Singapore Airlines desk about flying to Cotabato City in the southern
      Philippines. I knew the flight times from Singapore to Manila, but I needed
      those for the connecting flights to Cotabato. It was after hours and I was
      sure it would be difficult to get the information from Philippine Airlines.
      The woman at the desk, a mature ultra-efficient "Singapore girl," tried
      everything, but with no luck. She was upset at not being able to help. "Are
      you going to Cotabato on business?" she asked. I said I was. "It's very
      dangerous there, you know," she said. "They have a lot of Muslims there."

      In Thailand and Myanmar, colleagues of mine have made similar comments --
      before, as well as after, Sept. 11. No one now makes even a token attempt to
      deny that Thais and Burmese dislike their own Muslim citizens. My Burmese
      friend told me one evening in the bar of the Strand Hotel: "Muslims don't
      belong in Myanmar. We don't trust them." I am becoming weary of arguing
      back. I have turned purple with rage at such comments. I have come close to
      losing friendships. But now I hear these remarks all the time -- and from
      otherwise intelligent and tolerant people. I don't know what to do. It is
      deeply depressing.

      I wonder if perhaps there's a bit of inverted prejudice on my part. I lived
      for five years in Malaysia. I've traveled many times to Brunei and
      Indonesia, as well as to places like Aceh and Mindanao. I've visited other
      Muslim countries in the Middle East and Africa. I have many Muslims who are
      among my dearest friends in the region. I feel for them and I understand
      their confusion, their anxiety -- and their anger. I don't blame them. I
      tell them openly that if I were a Muslim, I'd be tempted to protest in the
      streets and in front of American and British embassies. I'd be tempted to
      wear an Osama bin Laden tee shirt and strut about sticking a finger up at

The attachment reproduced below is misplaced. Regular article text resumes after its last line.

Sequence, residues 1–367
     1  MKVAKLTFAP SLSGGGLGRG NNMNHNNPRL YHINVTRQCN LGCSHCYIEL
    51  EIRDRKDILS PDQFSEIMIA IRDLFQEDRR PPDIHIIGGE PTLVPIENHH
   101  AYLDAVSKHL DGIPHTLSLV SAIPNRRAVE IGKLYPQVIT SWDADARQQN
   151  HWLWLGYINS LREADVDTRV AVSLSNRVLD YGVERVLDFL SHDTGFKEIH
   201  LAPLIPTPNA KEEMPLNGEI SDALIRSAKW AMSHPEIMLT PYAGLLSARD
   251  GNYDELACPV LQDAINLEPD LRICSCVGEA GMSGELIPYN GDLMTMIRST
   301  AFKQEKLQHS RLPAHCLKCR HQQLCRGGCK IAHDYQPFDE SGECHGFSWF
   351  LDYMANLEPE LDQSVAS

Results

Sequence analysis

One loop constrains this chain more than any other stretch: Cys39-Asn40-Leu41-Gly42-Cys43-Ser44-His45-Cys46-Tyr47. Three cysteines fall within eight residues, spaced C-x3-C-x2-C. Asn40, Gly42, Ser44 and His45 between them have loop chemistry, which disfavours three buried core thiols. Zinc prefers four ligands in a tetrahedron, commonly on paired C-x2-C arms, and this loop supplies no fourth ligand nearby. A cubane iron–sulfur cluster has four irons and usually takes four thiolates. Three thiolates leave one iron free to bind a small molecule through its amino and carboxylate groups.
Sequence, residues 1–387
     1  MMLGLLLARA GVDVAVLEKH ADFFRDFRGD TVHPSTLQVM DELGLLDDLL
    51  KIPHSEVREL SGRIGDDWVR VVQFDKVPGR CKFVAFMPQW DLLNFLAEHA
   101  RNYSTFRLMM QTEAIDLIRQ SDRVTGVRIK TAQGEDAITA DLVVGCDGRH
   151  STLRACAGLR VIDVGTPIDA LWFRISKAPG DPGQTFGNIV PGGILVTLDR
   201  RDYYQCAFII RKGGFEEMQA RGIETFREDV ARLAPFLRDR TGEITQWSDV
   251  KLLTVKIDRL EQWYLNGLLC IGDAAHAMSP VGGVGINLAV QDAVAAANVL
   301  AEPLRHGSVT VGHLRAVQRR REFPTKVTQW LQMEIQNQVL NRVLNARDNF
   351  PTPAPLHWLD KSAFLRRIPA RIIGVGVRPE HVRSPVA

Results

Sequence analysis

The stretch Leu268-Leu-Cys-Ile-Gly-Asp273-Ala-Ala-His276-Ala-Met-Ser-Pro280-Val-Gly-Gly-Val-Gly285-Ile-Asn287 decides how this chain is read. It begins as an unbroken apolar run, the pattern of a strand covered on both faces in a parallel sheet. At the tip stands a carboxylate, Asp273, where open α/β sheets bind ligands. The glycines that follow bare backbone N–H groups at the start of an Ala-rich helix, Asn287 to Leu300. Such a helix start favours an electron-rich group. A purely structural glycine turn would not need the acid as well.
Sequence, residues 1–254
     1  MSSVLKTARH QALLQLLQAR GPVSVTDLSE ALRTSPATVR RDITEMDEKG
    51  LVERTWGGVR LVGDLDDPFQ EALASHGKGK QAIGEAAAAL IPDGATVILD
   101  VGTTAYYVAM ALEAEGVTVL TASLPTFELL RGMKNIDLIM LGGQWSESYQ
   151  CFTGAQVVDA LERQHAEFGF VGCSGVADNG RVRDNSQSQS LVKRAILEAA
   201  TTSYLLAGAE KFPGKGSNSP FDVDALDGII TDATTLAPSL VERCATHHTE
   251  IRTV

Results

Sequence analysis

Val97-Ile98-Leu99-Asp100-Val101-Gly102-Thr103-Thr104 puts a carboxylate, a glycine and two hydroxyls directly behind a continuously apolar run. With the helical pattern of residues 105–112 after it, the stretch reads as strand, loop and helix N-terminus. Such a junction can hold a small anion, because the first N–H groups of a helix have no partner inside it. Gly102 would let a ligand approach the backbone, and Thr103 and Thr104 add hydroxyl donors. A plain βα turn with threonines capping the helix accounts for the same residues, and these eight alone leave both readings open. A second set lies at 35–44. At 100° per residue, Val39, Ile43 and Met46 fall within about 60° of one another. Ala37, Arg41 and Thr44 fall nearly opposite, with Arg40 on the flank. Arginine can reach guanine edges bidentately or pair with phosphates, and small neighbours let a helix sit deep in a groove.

Uncle Sam. This is the horror. In reaction to the foul and insidious
      prejudice one begins to act like a fascist.

      Right now, I am reading Anthony Loyd's book My War Gone By, I Miss It So. It
      is an account of his time in Bosnia and Chechnya. His reportage of the
      Russian bombardment of Grozny should be required reading for those
      applauding the bombing of Afghanistan. Loyd was one of the few reporters in
      Grozny when the Russians first leveled the city. The carnage defies
      belief -- and, horrors, it is still continuing. There are many
      heart-stopping passages, but there is one that made me go cold in the heat
      of Saigon. Loyd visits a hospital as the victims of a Russian bombing raid
      on a mountain village are brought in. Marika, 4, was "missing the lower part
      of her back and buttocks, but was still alive, just, and her pale, doll-like
      form lay motionless face-down on a table as a doctor removed large pieces of
      metal from her wounds, allowing each to drop on the table with a heavy
      clunk."

      Her sister Miralya, slightly older, had a head wound and was crying blood
      and shaking uncontrollably. Loyd goes to the village and finds the girls'
      family. He reports that they are all dead -- "laid out on a bed in bundles,
      none of which was bigger than a supermarket bag. The boy was the best
      preserved, the mother barely recognizable as human. Of the other sisters, a
      small pair of legs emerged from a cloth, and the two heads lay at the end of
      the bed." Like Loyd, I think of this scene when I hear the term "collateral
      damage." What is so odious is that journalists and anchormen have adopted
      the term -- just as they have adopted the prefix "Islamic" or "Muslim"
      before they say terrorist. I don't know what is worse -- all this or the
      growing anti-Muslim sentiment itself. Both are on the rise and will lead to
      more unspeakable acts like those already seen in Chechnya and Afghanistan.
      Where do we go from here? Will someone tell me, please.
    Your message has been successfully submitted and would be delivered to recipients shortly.